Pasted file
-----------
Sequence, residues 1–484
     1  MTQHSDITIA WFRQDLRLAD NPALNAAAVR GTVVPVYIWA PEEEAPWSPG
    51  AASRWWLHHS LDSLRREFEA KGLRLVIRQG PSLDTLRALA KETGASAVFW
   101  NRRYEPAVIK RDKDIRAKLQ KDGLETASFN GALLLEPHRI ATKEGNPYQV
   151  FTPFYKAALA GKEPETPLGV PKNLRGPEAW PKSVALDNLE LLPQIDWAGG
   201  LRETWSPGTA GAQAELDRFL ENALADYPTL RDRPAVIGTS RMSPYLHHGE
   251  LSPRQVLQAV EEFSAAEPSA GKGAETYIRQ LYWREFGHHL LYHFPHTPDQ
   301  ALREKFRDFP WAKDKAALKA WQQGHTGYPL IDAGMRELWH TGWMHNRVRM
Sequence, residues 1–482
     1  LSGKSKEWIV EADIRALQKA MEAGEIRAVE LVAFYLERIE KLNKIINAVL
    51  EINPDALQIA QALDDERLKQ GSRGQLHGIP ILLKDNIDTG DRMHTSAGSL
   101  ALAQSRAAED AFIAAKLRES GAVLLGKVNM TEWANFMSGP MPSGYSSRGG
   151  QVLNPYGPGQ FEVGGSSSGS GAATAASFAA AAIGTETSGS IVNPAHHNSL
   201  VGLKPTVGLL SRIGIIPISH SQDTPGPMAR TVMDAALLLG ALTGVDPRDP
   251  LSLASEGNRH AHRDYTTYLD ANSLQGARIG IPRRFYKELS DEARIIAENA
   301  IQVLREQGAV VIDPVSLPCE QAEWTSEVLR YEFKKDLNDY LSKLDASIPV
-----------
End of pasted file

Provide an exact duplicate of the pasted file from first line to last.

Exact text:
Sequence, residues 1–484
     1  MTQHSDITIA WFRQDLRLAD NPALNAAAVR GTVVPVYIWA PEEEAPWSPG
    51  AASRWWLHHS LDSLRREFEA KGLRLVIRQG PSLDTLRALA KETGASAVFW
   101  NRRYEPAVIK RDKDIRAKLQ KDGLETASFN GALLLEPHRI ATKEGNPYQV
   151  FTPFYKAALA GKEPETPLGV PKNLRGPEAW PKSVALDNLE LLPQIDWAGG
   201  LRETWSPGTA GAQAELDRFL ENALADYPTL RDRPAVIGTS RMSPYLHHGE
   251  LSPRQVLQAV EEFSAAEPSA GKGAETYIRQ LYWREFGHHL LYHFPHTPDQ
   301  ALREKFRDFP WAKDKAALKA WQQGHTGYPL IDAGMRELWH TGWMHNRVRM
Sequence, residues 1–482
     1  LSGKSKEWIV EADIRALQKA MEAGEIRAVE LVAFYLERIE KLNKIINAVL
    51  EINPDALQIA QALDDERLKQ GSRGQLHGIP ILLKDNIDTG DRMHTSAGSL
   101  ALAQSRAAED AFIAAKLRES GAVLLGKVNM TEWANFMSGP MPSGYSSRGG
   151  QVLNPYGPGQ FEVGGSSSGS GAATAASFAA AAIGTETSGS IVNPAHHNSL
   201  VGLKPTVGLL SRIGIIPISH SQDTPGPMAR TVMDAALLLG ALTGVDPRDP
   251  LSLASEGNRH AHRDYTTYLD ANSLQGARIG IPRRFYKELS DEARIIAENA
   301  IQVLREQGAV VIDPVSLPCE QAEWTSEVLR YEFKKDLNDY LSKLDASIPV